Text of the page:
Previously, I wrote a blog with some tips on how to write good marketing content. In that, I mentioned the importance of ensuring that your online content is optimised for SEO (Search Engine Optimisation) purposes, but being quite a weighty subject I felt it was better dealt with in a separate blog. So here it is!
SEO helps your website, blogs and other online content to be ‘found’ easily when people search on Google and other search engines. Indeed, SEO optimisation is considered essential to get your website ranking as high as possible, ideally on page one.
I don’t profess to be an SEO expert. But when it comes to copywriting, I do. And I know that people can worry too much about keywords and links. SEO is not the dark art that many people make it out to be, although Google seems to like keeping us on our toes by changing its algorithms annually, it seems.
SEO keyword list
So first, you need to make your list of SEO keywords to scatter throughout your content. You could ask an SEO company or agency if you want a guarantee that your website will perform at its best. But if your budget won’t stretch to that, I find that using a common-sense approach works. For example, brainstorm with colleagues for typical keywords and phrases specific to your business. Or use Google itself to create your keyword list; that can take time, but it works. Simply type in the most obvious keywords and then look at the end of the page to see what appears under ‘Searches related to…’ and list those out, clicking on them to find more keywords.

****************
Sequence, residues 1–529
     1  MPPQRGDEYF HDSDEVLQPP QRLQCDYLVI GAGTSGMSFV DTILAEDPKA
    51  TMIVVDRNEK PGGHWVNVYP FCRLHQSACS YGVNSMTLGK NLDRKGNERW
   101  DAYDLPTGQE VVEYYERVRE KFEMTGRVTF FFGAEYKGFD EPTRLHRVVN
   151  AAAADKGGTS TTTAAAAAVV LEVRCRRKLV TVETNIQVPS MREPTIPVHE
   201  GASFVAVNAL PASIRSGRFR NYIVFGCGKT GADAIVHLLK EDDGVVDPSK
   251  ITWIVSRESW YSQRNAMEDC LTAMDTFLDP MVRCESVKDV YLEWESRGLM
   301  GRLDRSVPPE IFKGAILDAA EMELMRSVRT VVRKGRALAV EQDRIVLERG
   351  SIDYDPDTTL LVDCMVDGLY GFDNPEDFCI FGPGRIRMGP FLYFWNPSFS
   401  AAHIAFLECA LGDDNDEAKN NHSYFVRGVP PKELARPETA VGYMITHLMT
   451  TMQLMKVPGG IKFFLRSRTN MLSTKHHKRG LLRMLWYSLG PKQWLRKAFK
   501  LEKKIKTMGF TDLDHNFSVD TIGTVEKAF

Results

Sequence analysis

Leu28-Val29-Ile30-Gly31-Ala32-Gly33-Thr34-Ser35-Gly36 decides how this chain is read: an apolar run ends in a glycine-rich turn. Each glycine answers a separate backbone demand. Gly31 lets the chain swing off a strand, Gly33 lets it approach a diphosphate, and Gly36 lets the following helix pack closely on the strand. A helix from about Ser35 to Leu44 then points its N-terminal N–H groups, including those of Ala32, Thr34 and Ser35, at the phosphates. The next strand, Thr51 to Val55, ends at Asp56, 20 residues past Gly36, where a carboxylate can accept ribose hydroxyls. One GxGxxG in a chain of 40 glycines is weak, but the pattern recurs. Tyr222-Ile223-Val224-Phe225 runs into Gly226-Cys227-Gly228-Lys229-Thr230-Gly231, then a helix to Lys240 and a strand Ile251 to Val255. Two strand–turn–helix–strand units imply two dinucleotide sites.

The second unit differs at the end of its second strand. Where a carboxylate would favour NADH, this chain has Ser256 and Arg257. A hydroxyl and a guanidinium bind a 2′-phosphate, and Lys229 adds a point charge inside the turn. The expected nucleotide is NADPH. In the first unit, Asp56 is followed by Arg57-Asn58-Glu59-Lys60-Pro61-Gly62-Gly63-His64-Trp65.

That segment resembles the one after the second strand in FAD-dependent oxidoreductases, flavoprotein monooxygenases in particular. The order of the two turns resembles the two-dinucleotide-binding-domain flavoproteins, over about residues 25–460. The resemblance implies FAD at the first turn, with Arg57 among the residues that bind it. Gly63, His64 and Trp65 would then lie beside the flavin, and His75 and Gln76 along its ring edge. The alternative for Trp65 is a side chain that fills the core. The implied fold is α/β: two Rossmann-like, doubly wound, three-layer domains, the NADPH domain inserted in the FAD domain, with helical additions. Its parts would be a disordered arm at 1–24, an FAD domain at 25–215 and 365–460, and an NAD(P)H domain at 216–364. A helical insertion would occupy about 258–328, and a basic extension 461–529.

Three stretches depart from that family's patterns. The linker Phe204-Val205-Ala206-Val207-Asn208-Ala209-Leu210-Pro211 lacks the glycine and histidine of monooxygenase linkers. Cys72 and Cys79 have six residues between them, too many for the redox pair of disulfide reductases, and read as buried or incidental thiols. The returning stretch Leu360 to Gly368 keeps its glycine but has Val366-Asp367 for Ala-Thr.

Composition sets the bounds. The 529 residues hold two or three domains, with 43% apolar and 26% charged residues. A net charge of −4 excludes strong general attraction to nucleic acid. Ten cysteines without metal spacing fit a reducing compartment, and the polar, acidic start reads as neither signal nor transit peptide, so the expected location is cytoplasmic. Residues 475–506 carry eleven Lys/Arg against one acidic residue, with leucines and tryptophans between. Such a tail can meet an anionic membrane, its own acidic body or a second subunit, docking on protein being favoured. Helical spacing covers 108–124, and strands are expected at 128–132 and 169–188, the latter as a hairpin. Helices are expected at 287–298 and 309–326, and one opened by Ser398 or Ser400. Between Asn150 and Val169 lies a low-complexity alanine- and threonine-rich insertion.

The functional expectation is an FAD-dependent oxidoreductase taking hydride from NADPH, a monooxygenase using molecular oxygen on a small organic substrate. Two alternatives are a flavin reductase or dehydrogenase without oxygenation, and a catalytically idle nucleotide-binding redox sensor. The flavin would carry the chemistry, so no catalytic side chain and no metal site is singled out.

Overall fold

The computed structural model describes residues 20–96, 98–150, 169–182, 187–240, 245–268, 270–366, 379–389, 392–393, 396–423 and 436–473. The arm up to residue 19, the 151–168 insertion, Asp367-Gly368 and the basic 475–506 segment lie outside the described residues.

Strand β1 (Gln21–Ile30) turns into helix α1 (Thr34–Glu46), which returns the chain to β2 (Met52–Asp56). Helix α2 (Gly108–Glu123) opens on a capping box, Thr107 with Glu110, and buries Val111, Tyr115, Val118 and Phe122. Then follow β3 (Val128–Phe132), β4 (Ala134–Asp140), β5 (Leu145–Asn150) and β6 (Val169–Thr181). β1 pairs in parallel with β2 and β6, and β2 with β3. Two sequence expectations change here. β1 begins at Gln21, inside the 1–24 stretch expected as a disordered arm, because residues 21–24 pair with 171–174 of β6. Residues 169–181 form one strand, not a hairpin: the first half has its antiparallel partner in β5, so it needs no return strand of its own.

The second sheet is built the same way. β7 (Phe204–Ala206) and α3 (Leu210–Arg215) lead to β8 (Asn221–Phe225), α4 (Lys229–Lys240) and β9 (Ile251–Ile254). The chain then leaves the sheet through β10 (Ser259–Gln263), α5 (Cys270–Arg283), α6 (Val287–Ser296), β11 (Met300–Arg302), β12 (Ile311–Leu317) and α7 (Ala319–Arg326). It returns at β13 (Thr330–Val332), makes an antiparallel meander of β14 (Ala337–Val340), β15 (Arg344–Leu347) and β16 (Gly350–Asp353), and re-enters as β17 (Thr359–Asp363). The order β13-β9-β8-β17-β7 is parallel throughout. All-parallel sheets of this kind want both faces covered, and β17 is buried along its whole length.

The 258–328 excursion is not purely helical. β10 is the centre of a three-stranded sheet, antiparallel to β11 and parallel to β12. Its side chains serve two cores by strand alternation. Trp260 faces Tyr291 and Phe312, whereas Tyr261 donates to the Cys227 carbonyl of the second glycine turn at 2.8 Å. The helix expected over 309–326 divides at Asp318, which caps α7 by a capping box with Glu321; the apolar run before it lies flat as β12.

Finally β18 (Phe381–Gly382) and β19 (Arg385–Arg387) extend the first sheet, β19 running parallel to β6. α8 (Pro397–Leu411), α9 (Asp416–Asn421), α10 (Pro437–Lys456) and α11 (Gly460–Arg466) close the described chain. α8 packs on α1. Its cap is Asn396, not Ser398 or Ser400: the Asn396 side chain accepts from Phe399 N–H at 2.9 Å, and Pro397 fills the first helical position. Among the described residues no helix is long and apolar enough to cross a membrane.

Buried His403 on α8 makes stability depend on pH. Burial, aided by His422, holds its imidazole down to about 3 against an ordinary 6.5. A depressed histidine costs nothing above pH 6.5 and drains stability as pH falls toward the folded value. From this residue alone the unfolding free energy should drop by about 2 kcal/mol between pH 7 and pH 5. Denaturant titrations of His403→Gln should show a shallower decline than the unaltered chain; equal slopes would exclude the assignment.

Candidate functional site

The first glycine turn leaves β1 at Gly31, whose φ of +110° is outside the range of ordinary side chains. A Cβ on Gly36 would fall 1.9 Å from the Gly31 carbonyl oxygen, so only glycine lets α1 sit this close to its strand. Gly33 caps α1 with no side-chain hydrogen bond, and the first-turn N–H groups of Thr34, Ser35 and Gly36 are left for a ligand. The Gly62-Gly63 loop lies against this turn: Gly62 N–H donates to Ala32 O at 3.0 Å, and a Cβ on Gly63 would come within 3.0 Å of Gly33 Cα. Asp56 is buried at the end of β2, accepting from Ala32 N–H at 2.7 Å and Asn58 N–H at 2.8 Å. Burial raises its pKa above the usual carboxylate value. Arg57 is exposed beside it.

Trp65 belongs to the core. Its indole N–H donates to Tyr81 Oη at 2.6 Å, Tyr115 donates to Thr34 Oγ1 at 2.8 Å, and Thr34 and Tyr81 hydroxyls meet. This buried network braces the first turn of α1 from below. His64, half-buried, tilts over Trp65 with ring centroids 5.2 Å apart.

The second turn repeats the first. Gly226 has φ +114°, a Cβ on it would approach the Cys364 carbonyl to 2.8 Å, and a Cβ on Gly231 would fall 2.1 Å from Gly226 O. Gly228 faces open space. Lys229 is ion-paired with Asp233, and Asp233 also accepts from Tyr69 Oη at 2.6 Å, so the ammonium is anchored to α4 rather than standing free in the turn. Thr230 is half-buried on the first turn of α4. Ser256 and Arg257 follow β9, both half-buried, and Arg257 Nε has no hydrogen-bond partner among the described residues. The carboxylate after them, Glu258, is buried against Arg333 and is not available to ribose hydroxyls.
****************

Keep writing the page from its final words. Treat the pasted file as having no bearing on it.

But there is a quicker and easier way, and that’s by using an online SEO tool.
SEO checker tools
There are both paid-for and free checker tools available, such as Ubersuggest, KWfinder or Keyword (this has a handy way of filtering and exporting your selected words into a document for you to store), all of which are easy to use.
Once your list of keywords and phrases is complete, don’t just cram them all in! Especially on web content, as your website may end up being penalised. Pick the best, most obvious and appropriate search phrases. Try not to repeat the same word too much, either, as Google may think you're spamming and penalise you. It’s important that the content is written to flow as naturally as possible.
Remember – keywords are more about semantics than density. Use them wisely!
November 2022 update!
Back in August, Google rolled out a new update called Helpful Content. The point of this new update is to stop people from writing content specifically for search engines. Instead, it wants to see content that informs, entertains and adds value to people.
Google wants us to have a people-first approach — something I'm always banging on about and have done for years. In other words, to write clear, interesting and helpful content that doesn't look or read like it's stuffed with keywords. And continue to follow good SEO practices.
As I always say, keywords need to be naturally scattered throughout your web content. Now more than ever. Because apparently some websites that don't do this will be stuck in Google jail for months.
To find out more about this update and previous ones, Natasha Ellard of Urban Element wrote this article.
Don't have time for any of this? Then I would be delighted to help. Drop me an email and let's arrange to have a coffee and a chat.